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The Second Pearl

Release Date: 11/30/2021

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about The Second Pearl

The Communist Chinese leadership decides to move up their timetable to become the world’s sole superpower, from 2049 to the present. Part of this is to unify Taiwan by force. They believe the best model for accomplishing their wider goals is to copy the comprehensive moves by Imperial Japan in 1941-1942. The CCP/PLA thinks they can replicate the successes of the Japanese, while, at the same time, eliminate the failures. By means of subterfuge, they strike their East Asian neighbors, Western Pacific sea lanes, and the key American naval bases in Hawaii, Japan, Australia, and the United States. They rely on advanced missile and drone technology and are initially successful.

This novel is a cautionary tale that warns us of the current, comprehensive threat, that is Communist China today.

about this author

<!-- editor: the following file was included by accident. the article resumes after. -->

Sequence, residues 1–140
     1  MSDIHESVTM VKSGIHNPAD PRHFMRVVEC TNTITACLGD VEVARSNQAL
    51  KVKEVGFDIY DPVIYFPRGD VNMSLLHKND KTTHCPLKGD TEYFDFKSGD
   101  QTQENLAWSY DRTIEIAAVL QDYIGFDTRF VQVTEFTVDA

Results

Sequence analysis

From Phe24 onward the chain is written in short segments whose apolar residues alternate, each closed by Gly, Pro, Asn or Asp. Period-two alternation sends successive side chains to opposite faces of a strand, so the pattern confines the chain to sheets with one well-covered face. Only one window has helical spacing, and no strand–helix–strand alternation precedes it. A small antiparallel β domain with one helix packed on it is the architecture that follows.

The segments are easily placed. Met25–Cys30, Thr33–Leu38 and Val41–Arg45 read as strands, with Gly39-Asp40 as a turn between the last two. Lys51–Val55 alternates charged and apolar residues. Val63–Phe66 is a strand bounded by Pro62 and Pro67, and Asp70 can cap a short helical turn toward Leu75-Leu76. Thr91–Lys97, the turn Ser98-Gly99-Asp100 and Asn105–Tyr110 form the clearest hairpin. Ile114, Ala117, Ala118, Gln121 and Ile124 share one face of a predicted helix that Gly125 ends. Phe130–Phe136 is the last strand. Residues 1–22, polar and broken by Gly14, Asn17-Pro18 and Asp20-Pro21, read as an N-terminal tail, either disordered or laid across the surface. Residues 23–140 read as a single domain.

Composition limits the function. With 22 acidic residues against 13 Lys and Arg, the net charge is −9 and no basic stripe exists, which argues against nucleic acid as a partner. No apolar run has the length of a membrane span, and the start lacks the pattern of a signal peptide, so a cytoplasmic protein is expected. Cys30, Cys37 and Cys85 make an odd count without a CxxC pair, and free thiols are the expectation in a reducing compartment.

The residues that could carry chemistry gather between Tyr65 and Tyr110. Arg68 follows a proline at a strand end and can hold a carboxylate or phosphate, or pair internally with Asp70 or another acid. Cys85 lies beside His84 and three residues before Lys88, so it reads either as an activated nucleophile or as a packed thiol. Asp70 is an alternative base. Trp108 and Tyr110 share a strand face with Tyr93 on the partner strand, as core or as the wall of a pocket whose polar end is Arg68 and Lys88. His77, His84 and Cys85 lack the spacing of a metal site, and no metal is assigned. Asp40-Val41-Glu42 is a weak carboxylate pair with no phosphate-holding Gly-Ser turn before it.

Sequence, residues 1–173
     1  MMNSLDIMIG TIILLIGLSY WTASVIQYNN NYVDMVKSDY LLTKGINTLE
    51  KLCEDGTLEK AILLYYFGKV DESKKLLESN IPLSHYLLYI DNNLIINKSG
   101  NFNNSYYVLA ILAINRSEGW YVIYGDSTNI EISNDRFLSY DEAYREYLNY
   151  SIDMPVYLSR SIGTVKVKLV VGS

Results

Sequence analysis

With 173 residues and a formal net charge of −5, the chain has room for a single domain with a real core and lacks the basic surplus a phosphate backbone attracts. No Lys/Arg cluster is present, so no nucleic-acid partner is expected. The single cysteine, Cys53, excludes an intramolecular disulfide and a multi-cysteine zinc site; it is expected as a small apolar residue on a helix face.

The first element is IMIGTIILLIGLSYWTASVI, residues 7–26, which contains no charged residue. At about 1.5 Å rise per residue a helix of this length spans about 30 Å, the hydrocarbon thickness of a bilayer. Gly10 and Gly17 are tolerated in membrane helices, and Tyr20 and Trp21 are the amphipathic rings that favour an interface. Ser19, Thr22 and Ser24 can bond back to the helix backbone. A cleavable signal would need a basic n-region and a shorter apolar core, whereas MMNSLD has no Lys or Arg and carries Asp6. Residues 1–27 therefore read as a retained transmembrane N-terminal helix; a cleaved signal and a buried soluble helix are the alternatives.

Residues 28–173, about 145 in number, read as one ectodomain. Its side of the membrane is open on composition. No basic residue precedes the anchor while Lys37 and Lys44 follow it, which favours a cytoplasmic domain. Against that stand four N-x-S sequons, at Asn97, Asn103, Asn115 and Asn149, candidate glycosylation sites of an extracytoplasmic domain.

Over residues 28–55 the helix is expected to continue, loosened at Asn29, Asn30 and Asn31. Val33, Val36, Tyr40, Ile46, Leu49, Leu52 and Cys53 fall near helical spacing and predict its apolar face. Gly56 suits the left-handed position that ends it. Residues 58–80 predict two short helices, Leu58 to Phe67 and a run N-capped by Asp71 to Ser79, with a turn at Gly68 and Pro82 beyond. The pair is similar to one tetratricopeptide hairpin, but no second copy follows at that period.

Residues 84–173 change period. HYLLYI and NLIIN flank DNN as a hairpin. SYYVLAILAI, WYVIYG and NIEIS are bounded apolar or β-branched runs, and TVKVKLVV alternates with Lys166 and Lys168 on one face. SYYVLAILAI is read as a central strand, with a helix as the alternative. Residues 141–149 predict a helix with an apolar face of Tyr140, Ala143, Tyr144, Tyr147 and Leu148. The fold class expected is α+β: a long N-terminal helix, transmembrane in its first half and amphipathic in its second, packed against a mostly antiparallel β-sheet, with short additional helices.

Mike Bentley is a fifth-generation Californian, raised on the central coast’s beautiful Monterey Peninsula. He is descended from two maternal great, great grandfathers who came west looking for different kinds of treasure: One hoping to find gold in 1850, and the second seeking land for farming in 1856. Both experienced reasonable successes, and the family lines eventually met and flourished. Mike’s paternal grandfather came for a visit from New York in 1900, and in the absence of lake-effect snow, decided the Bay Area was a great place to settle. One hundred and twenty years later, Mike and his immediate family still live with a view of San Francisco, and the world’s greatest natural harbor. After college, Mike decided to enter ministry, and after completing the graduate and practical training required for the Military chaplaincy, entered the US Army in 1980. He spent fourteen years serving in various locals including Fort Campbell, Kentucky with the 101st Airborne Division (Air Assault); Fort Ord, California; and overseas in Korea; the Sinai Peninsula, Egypt; and in Saudi Arabia during Desert Storm. As a civilian, Mike traveled extensively in Asia, including in China, Vietnam, and Laos, and before that, lived five years in Canada. International humanitarian service in Vietnam was a recurring theme and strong call, so when the United States and Vietnam normalized relations in 1994, Mike resigned his army commission and began a new adventure creating jobs for the underserved. He started his projects in the southern part of the country, but as the years passed, the urban areas developed rapidly, and Mike gradually worked his way north so he could work with some of the country’s fifty-three ethnic tribal groups. In his fifties, he went back to school for two years and earned a medical ultrasound license, then returned to work for doctors serving the rural and remote poor. And during the early part of this sojourn, Mike married a Vietnamese member of the US Embassy staff who subsequently became an American citizen. Combined, he and his wife Becky have traveled between their respective home countries nearly one hundred times. Mike’s academic field is history, and related research is reflected in his books. He completed his undergraduate and graduate history degrees in California, but split his doctoral studies in Vietnamese history between the Vietnam Center at Texas Tech University, and Vietnam’s National University in Hanoi. He is a protégée of the late Vietnam scholar, Douglas Pike, and his Master’s thesis, “United States Aid and the War in Vietnam 1965-1975” has appeared on government recommended reading lists. Mike also holds master’s degrees in divinity and religious education. Blessed with four sons and four grandchildren, Mike is thankful for his life of service and happily lives with his wife Becky and their cats, Stripe and Checkmate.

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